Humor by Jen Lancaster

Last week Chicago gangs held a press conference to express their displeasure at being targeted by law local enforcement.

Worth noting is that this event did not follow a press conference held by residents expressing displeasure at being targeted by local gangs.

Apparently gang members feel they're being unfairly harassed by the police, whereas law enforcement feels gangs should stop selling drugs and shooting people. Currently both sides are using the media to cast aspersions on the other team.

Failing to find middle ground, the situation has devolved into an increasingly snarky he said/she said war of social media soundbites. If this keeps up, they're totally going to unfollow each other on Twitter and block one another on Facebook.

The whole conflagration supports my decision to leave Chicago and move to the suburbs. I've been nothing short of delighted with this choice, yet I'm finding that city habits die hard.

In an urban environment, spotting a stranger in one's backyard is a clear and present source of danger. The appropriate reaction -- at least in my household -- has been to chase said trespasser away with the business-end of a shovel.

However, I've since learned that waving a D-handle spade is not the best way to introduce oneself to the kid who mows the lawn. (On a related note, I suspect this is why my young landscaper didn't properly weed-whack the edge of my patio.)

In the city, people constantly solicit on the street. Although I respect the entrepreneurial spirit expressed by those peddling soccer balls and tube socks in the intersection, I need neither. I have little patience for the guys attempting to squirt dubious liquids on my windshield and even less for those offering no services in exchange for my cash. Anyone living in a metropolitan area quickly learns to say no while avoiding eye contact.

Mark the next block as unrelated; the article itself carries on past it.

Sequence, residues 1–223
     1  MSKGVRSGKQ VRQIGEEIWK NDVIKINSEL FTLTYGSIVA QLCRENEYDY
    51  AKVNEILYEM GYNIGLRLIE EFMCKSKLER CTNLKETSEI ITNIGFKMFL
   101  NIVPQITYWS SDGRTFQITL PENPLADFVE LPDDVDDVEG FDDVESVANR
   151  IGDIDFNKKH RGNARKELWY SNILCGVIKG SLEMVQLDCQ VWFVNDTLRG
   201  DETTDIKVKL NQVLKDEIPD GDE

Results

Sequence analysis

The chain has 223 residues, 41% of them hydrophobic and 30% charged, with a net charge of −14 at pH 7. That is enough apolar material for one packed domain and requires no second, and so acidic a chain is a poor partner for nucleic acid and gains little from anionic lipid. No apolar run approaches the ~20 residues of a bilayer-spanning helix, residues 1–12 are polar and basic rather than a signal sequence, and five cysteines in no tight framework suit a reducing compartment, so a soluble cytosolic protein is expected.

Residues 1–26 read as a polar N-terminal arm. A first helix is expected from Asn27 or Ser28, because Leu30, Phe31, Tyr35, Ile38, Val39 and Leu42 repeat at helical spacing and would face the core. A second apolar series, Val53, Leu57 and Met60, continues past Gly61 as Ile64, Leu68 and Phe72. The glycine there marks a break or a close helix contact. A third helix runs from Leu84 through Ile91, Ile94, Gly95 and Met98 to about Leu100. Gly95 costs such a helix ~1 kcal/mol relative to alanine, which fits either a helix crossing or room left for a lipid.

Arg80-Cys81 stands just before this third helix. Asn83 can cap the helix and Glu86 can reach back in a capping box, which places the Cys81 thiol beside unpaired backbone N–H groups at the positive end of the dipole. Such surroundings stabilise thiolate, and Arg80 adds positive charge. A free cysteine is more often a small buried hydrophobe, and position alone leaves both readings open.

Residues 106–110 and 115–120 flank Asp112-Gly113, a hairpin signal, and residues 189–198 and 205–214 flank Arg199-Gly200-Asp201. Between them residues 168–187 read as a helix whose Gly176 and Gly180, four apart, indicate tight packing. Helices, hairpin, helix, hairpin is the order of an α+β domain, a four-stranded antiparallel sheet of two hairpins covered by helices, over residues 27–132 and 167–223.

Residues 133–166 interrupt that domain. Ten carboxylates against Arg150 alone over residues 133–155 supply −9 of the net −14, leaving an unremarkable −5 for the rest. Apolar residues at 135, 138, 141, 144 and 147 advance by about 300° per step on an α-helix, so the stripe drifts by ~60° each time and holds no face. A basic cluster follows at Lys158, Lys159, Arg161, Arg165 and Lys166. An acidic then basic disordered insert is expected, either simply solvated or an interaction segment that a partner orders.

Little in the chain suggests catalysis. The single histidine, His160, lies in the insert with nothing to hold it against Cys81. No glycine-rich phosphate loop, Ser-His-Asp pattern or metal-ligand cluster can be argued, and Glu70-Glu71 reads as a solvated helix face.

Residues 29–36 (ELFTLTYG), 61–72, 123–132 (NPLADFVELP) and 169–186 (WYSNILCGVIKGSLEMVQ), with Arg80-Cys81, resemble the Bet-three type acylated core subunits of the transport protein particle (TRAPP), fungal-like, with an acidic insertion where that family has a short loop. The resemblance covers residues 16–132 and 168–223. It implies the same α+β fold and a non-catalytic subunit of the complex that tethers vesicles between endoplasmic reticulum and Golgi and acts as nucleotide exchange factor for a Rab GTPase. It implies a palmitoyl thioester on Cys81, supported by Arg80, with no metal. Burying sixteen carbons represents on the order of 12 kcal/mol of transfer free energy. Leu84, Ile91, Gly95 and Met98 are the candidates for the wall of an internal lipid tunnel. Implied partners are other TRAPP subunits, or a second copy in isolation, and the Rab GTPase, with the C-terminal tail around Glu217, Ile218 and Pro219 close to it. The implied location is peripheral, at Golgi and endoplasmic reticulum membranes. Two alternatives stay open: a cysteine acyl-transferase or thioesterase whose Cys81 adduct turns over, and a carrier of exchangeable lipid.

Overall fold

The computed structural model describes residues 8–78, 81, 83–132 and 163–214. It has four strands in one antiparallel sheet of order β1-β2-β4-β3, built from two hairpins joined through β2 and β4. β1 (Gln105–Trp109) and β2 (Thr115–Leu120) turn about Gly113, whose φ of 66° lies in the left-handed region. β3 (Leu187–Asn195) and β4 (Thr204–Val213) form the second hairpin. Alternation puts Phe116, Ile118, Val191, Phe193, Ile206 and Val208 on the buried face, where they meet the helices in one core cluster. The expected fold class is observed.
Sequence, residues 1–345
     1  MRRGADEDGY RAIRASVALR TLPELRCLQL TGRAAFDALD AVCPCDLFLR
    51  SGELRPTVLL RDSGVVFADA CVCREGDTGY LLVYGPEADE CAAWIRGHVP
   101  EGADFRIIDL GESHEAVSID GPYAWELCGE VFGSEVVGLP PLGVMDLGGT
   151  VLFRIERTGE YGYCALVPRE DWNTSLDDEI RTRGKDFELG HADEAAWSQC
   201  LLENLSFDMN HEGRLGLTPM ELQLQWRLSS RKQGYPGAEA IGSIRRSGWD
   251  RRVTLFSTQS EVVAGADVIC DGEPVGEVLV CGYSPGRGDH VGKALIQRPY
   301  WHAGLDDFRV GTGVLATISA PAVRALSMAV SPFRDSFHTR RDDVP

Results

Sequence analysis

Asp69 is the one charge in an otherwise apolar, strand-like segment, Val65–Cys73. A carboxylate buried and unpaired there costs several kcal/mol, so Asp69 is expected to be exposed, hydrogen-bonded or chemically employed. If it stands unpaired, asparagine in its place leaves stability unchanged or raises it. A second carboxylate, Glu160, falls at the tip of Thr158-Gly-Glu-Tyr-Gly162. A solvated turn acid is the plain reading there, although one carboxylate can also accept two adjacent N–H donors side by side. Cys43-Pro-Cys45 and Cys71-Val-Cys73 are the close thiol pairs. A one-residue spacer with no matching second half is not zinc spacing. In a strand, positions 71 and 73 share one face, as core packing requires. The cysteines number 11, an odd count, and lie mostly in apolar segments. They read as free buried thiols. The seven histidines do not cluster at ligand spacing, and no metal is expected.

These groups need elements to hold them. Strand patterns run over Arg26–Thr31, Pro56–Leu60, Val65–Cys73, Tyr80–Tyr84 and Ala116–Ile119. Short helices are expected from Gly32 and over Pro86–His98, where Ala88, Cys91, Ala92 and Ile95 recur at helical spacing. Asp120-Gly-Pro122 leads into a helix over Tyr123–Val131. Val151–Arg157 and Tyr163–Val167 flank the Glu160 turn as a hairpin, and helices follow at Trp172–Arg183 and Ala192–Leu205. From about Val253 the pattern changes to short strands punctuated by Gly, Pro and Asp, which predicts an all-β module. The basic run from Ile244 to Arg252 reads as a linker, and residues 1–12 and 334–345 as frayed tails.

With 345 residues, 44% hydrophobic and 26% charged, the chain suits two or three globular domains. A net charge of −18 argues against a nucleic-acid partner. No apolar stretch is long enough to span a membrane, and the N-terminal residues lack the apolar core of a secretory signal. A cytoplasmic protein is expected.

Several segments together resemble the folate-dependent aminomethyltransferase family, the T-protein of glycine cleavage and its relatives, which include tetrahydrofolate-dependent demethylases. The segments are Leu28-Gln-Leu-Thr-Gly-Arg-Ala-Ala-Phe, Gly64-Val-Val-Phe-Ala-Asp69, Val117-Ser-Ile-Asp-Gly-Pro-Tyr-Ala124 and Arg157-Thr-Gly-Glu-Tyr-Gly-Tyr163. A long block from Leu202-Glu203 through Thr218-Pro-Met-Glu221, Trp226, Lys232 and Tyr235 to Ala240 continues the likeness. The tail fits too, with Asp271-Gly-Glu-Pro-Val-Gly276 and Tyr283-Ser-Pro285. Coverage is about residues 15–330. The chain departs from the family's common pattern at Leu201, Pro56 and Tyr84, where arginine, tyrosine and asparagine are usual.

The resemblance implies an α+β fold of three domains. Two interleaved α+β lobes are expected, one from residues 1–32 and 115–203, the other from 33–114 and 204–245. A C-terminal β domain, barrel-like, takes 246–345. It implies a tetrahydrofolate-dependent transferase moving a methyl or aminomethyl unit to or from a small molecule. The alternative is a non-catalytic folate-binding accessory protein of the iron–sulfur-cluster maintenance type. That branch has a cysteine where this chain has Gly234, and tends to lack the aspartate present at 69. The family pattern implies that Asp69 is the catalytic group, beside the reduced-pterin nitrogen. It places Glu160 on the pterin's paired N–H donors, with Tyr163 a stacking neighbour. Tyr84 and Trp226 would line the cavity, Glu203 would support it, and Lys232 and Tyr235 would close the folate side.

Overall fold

So, when approached at the suburban grocery store by a group of girls in full cheerleading regalia, my ingrained response was to keep walking. Then I remembered the shovel incident and I forced myself stop and listen.

"Corn rows?" they queried in unison, to which I replied, "I'm sorry?"

"Corn rows?" they repeated. "Corn rows? We're doing corn rows for poms?" In typical teenage girl fashion, they ended every statement with a question mark.

"Wait, what?" I asked. "You want to braid my hair?" My response confused them, which then confused me and led to the kind of protracted misunderstanding best resolved by a press conference . . . or someone pointing to the barbecue spit where the Pom Booster Club was selling ears of corn.

Oh, corn roast. That makes a lot more sense. (And is delicious.)

Cultural misunderstandings aside, the biggest change has been getting used to all this nature around me. In terms of wildlife, the city has nothing on the 'burbs. The notion of urban critters makes me want to tuck my pant-legs into my socks, whereas the woodland creatures up here are practically Disneyesque. So far I've seen chipmunks, hummingbirds, hawks, a couple of cranes and a wild turkey. I'm told raccoons will get into my garbage if I'm not careful, yet I'm confident none is doing so to steal my identity.

The thing is, I've learned that almost hitting a white-tailed deer in my driveway produces the exact same rush of terror-adrenaline as almost hitting a crackhead in my alley, so perhaps things aren't so different between the two places after all. Regardless, I'm happy to be in a more rural setting, far away from the gangs and their microphones and publicists.

But should these groups of toughs choose to migrate north, be advised I still swing a mean shovel.

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